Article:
A group of people stand with a plaque

The Legacy of Denver’s Forgotten Chinatown

On Saturday, April 16, 2022, Denver Mayor Michael Hancock gave an official apology — for something that happened in 1880.

An illustration of the Chinatown Riot

The Chinatown Riot

He apologized for the anti-Chinese race riot of October 31, 1880 known as The Chinatown Riot. The event destroyed much of what had been a thriving Chinatown district in what is today the thriving entertainment district we know as LoDo, or Lower Downtown. Denver is the first city outside of California to offer such an official apology, and the only city that has a small percentage of Chinese. Other apologies were in cities like San Francisco, Los Angeles and San Jose, which have much larger Chinese and Asian American populations. Mayor Hancock acknowledged the 1880 anti-Chinese riot, but also the more than a century of anti-Asian hate that has come since, including the imprisonment of Japanese Americans during World War II and the past few years of anti-Asian hate crimes.

The DCPA Theatre Company’s production of The Chinese Lady (Sept 8-Oct 16, 2022) cites the 1880 riot in its historical overview of the Chinese American experience since the 1834 arrival of 14-year-old Afong Moy. She was brought here originally to demonstrate Chinese customs in order to drum up interest in foreign imports and later, toured the country as a curiosity for paying audiences to gawk at.

Afong Moy came alone to America, but the first wave of Chinese immigrants arrived after 1849 to take advantage of the gold rush in San Francisco, hoping to strike it rich in “Gold Mountain,” as they called the country. But they faced racism and found laws were enacted to prevent from owning gold mines. They could only work for white mine owners, and even then, they were often chased out by gangs. Up and down California, a spate of racial riots destroyed Chinese immigrant encampments. Many Chinese chose other jobs: domestic servants, running restaurants and shops for the established Chinatowns that had taken root, or becoming a laborer on the Transcontinental Railroad.

A sketch of Afong Moy in her room, filled with Chinese objects

Afong Moy

Up to 12,000 Chinese worked on the Transcontinental Railroad, and about 1,200 died because they were given the dangerous work of blasting tunnels through mountains. A hundred railroad workers — mostly Chinese — died in an avalanche in the Sierra Nevada mountains. When the “Golden Spike” ceremony was held to commemorate the completion of the Transcontinental Railroad on May 10, 1869, the Chinese laborers were told to stay away and are not in any of the photographs that captured the event. That is one reason that Asian American Pacific Islander Heritage Month is held in May every year.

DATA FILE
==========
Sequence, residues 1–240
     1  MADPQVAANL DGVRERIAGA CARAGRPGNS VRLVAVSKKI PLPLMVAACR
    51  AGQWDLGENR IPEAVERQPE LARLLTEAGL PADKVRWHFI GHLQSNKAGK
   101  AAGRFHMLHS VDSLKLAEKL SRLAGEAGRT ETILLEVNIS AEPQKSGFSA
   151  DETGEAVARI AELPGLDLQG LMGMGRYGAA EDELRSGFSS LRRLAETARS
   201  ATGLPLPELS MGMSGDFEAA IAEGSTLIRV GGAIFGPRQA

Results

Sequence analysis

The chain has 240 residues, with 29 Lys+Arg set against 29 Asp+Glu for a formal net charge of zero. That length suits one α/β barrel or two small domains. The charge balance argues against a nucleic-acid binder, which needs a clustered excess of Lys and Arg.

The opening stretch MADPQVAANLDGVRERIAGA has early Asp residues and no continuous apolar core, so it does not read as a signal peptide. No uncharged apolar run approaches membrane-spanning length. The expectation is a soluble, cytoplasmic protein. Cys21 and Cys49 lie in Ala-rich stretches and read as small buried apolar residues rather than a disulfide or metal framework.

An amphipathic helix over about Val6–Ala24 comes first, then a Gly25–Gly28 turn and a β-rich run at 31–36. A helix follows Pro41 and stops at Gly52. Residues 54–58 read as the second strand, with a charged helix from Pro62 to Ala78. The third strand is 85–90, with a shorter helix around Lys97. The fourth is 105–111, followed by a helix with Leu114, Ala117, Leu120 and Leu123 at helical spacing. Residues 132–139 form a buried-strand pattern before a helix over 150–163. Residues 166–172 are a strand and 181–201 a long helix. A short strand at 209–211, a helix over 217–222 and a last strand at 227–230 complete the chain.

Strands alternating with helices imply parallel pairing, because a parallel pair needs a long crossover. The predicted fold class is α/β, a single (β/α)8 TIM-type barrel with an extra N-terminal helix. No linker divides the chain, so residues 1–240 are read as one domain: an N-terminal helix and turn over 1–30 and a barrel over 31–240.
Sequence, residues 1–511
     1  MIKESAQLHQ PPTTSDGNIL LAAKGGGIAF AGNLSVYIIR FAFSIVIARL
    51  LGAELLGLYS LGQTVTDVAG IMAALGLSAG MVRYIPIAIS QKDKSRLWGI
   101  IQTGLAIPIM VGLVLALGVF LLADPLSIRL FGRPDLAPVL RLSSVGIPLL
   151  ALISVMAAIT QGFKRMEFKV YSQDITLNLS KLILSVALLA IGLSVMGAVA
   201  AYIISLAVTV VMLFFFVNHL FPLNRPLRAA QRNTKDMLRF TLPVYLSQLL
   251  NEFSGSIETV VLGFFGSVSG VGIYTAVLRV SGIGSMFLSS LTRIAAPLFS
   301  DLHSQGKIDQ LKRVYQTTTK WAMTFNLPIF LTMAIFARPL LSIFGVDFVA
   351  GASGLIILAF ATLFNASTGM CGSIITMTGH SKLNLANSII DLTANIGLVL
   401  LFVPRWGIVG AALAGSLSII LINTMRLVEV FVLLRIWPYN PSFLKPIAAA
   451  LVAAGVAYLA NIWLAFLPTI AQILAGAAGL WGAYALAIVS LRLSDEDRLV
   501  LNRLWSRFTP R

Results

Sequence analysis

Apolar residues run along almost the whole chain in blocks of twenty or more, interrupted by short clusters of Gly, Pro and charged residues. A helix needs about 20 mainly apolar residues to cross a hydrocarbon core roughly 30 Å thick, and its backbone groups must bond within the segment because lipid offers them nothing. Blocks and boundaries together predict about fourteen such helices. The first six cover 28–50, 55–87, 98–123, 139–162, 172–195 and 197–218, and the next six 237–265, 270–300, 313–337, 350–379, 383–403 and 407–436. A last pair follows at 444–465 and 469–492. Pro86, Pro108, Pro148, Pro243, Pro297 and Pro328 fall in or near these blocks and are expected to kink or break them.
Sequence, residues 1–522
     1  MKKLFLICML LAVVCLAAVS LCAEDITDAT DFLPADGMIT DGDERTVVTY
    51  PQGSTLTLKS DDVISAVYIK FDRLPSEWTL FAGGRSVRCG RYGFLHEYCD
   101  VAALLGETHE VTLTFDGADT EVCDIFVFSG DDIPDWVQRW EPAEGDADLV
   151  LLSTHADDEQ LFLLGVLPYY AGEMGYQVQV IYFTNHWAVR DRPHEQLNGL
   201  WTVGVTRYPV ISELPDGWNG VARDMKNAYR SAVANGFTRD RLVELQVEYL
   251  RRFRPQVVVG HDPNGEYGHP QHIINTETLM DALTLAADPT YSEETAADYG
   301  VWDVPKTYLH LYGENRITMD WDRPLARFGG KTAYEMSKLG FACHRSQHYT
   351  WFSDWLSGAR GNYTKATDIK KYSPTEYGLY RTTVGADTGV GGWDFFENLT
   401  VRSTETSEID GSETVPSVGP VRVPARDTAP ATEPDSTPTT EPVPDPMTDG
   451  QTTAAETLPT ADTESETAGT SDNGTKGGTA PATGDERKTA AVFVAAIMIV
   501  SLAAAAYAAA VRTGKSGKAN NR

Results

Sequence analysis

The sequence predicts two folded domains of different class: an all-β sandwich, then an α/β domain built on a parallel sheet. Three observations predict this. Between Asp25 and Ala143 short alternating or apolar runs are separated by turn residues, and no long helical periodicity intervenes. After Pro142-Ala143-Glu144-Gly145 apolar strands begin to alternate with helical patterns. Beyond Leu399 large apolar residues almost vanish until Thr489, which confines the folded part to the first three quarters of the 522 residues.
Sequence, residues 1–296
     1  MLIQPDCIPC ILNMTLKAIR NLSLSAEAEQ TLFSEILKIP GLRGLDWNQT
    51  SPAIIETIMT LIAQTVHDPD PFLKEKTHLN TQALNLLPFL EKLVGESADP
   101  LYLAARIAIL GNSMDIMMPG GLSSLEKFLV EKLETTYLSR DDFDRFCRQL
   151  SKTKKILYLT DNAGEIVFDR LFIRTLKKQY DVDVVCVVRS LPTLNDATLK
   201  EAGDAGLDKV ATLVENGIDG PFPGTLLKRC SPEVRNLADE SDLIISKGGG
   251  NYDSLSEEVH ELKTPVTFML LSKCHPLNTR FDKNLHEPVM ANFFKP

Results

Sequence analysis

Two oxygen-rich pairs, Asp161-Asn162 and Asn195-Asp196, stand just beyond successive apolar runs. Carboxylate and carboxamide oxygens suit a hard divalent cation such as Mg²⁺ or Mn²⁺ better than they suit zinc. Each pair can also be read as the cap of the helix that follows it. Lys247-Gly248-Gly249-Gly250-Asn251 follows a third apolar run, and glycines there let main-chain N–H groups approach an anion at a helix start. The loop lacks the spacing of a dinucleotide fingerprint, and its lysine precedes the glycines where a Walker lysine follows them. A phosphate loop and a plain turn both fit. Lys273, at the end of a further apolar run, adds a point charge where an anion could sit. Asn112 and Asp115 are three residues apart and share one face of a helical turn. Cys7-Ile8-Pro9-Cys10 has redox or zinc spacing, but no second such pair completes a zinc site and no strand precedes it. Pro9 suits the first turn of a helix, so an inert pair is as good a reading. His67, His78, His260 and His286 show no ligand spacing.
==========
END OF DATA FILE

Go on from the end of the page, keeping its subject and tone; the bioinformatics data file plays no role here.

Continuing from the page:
Once the railroad was completed, Chinese began looking for work by taking the railroad south from Wyoming into Colorado. They found work in Colorado’s mines, and some found their way to the neighborhood in front of Union Station. Throughout the 1870s, the Chinatown district was established and grew, with businesses and residences rooted along the streets and alleys between 15th and 17th streets, and Blake and Market.

On October 31, 1880, a fight broke out between four white men and two Chinese in a pool hall, which spilled out into the streets. Within a few hours, years of pent-up racial hatred led to thousands of whites converging on Chinatown, destroying businesses and chasing out the Chinese. One man, Look Young, was beaten to death and hung from a lamp post at 19th and Arapahoe. Several white business owners including a madam took in the fleeing Chinese and protected them. Even though this was an anti-Chinese riot, it was used as a reason why Chinese should be banned from the United States. Congress passed the Chinese Exclusion Act in 1882, which to this day is the only immigration ban to name a country of origin.

A group of people stand with a plaque

(L to R) Aisha Rousseau, City of Denver’s chief equity officer; Mayor Michael Hancock; William Wei; Linda Lung, descendant of residents of Denver’s Chinatown. Photo by Rocky Mountain PBS

The Chinese returned to the area, and vestiges of their legacy were still on view into the 20th century. A Chinese Masonic Lodge had a building on Blake Street and held parades into the 1920s. An “American Chinese Association” (note that American is emphasized first) was headquartered on Larimer Street across from what is today Sakura Square, the heart of the Japanese Community, well into the 1850s. The only remnant of the riot for many years has been a plaque on a building across from Coors Field misleadingly titled “Hop Alley/Chinese Riot of 1880,” which gives the impression that the Chinese rioted instead of being the victims and emphasizes the opium dens, which had been a racist name for the area. The plaque also names the white business owners who rescued fleeing Chinese, yet doesn’t name the murdered man, Look Young.

Today, most Chinese in the Denver area are recent immigrants from China, Taiwan or Vietnam. That is, except two families who are descendants of Chinatown business owners. Mayor Hancock greeted them in his April ceremony and gave them special plaques of apology.

And on August 8, thanks to the efforts of Mayor Hancock’s office, Colorado Asian Pacific United (CAPU), an ad-hoc organization formed last year to commemorate the legacy of Chinatown and which led to the city’s apology, oversaw the removal of the inaccurate plaque about the 1880 anti-Chinese race riot. It was the first step in a campaign to erect other, more accurate historical markers and eventually, an Asian American Pacific Islander Museum in LoDo.

It’s taken many decades, but the Chinese immigrant story started by individuals such as Afong Moy, “The Chinese Lady,” is finally being remembered.